Breakfast, with a slice of advice

Teachers, students applaud program that allows them to address life issues before class

October 01, 2006|By Karen Nitkin | Karen Nitkin,SPECIAL TO THE SUN

Brenda Luengas, a sixth-grader at Annapolis Middle School, said students don't push in the halls anymore.

"Usually, when we came back from lunch, they were running and pushing," she said. "But this year, they don't. They walk nicely."

Brenda thinks the difference is Caring Community, a new program at Annapolis Middle School. Instead of the typical take-attendance-and-listen-to-announcements homeroom, teachers use the first half-hour of the day to talk to students about issues that matter to them.

In its first month, the program has already produced positive results, said Twila Walker, the assistant principal.

In September 2005, 148 disciplinary office referrals were issued, she said. On Thursday, with only one school day remaining in the month, the number had plummeted to 26.

"It's definitely a different climate," she said.

In the past, homeroom and the first class of the day were combined, Walker explained. Students could buy and eat breakfast in the school cafeteria until the 7:55 a.m. bell marked the start of the school day.

This year, the school won a federal grant, so that all students -- and teachers -- can eat breakfast at school. The meals are delivered to the classrooms, so kids and teachers can eat together during the Caring Community sessions, Walker explained.

Homerooms have been shrunk to about 15 students, instead of 25. No new staff was needed -- teachers who don't have a first-period class are now running the program, explained Principal Carolyn E. Page.

The half-hour sessions have been held every school day in September, but starting this month they will be on Tuesdays and Thursdays, Walker said. On the other days, students will eat breakfast in class during homeroom, she said, but character lessons won't be delivered.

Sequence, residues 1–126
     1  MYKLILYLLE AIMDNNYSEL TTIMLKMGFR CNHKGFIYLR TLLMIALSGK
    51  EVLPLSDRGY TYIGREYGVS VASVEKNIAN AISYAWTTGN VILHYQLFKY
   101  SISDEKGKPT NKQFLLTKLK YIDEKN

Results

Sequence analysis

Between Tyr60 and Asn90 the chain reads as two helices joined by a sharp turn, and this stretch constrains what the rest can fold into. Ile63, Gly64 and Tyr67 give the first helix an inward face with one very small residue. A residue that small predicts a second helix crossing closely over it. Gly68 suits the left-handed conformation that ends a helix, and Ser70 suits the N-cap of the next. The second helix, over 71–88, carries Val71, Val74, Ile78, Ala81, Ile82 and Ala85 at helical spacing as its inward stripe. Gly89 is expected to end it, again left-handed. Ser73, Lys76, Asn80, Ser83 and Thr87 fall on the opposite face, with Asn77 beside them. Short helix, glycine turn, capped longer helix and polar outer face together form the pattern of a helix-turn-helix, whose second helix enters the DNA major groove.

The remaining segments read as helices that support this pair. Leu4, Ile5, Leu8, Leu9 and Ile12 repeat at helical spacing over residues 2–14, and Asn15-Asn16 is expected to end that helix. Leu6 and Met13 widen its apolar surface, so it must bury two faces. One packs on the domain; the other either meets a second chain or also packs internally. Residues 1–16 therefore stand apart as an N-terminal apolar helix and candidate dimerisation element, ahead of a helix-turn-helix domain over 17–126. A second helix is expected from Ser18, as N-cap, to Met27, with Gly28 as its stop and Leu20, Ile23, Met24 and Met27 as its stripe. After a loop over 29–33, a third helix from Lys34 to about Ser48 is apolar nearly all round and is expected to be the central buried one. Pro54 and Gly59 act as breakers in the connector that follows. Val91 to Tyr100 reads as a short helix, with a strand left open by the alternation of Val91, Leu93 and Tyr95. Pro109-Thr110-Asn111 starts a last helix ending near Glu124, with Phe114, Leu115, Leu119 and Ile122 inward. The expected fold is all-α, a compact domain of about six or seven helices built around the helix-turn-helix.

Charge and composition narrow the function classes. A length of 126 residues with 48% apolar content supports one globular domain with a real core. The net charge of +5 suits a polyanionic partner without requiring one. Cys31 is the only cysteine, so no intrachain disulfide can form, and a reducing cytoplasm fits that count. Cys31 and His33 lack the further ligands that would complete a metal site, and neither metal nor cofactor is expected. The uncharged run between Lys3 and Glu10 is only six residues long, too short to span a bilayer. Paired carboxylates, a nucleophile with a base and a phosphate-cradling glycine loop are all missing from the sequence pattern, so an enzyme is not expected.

Walker said she started the program to "change the culture and character of our school, make it conducive to learning."

"We looked at the needs of our school," she said. "We had some concerns with classroom disrespect, things like that."

A group of seven teachers, counselors and administrators called the Character Council put together a program that focuses on values, relationships and responsibility.

Walker praised the teachers and school officials for embracing it. "It's definitely a group effort," she said.

The discussion in Debra Lambert's homeroom class Thursday morning was about Internet bullying. Blake Budmir, 11, said that while using a role-playing game called Runescape, a fellow player asked him his real name, not his Internet name. That raised a red flag.

So Blake, a sixth-grader, replied that his name is Rick, he's 18 years old, and he lives in California.

Blake said he knew to watch out for Internet stalkers, but he still finds the Caring Community discussions helpful. He didn't know, for example, that hackers could find out his e-mail address or other personal information, he said.

He did know that he never wants to be a bully, he said, "because I learned that bullying, even though it might make you feel good for a while, it'll make you feel bad in the end."

One goal of the Caring Community is to get students to open up about their school experiences. "We discuss what's happening in sixth grade," explained Seth Coveyou, 11. "I feel that's really important, because if you're not comfortable in school, you're never going to like school."

Lambert, a math teacher, said kids are remarkably open about their experiences.

"I can say, `How's sixth grade going?' They do open up," she said. "They share a lot. It gives them a chance."

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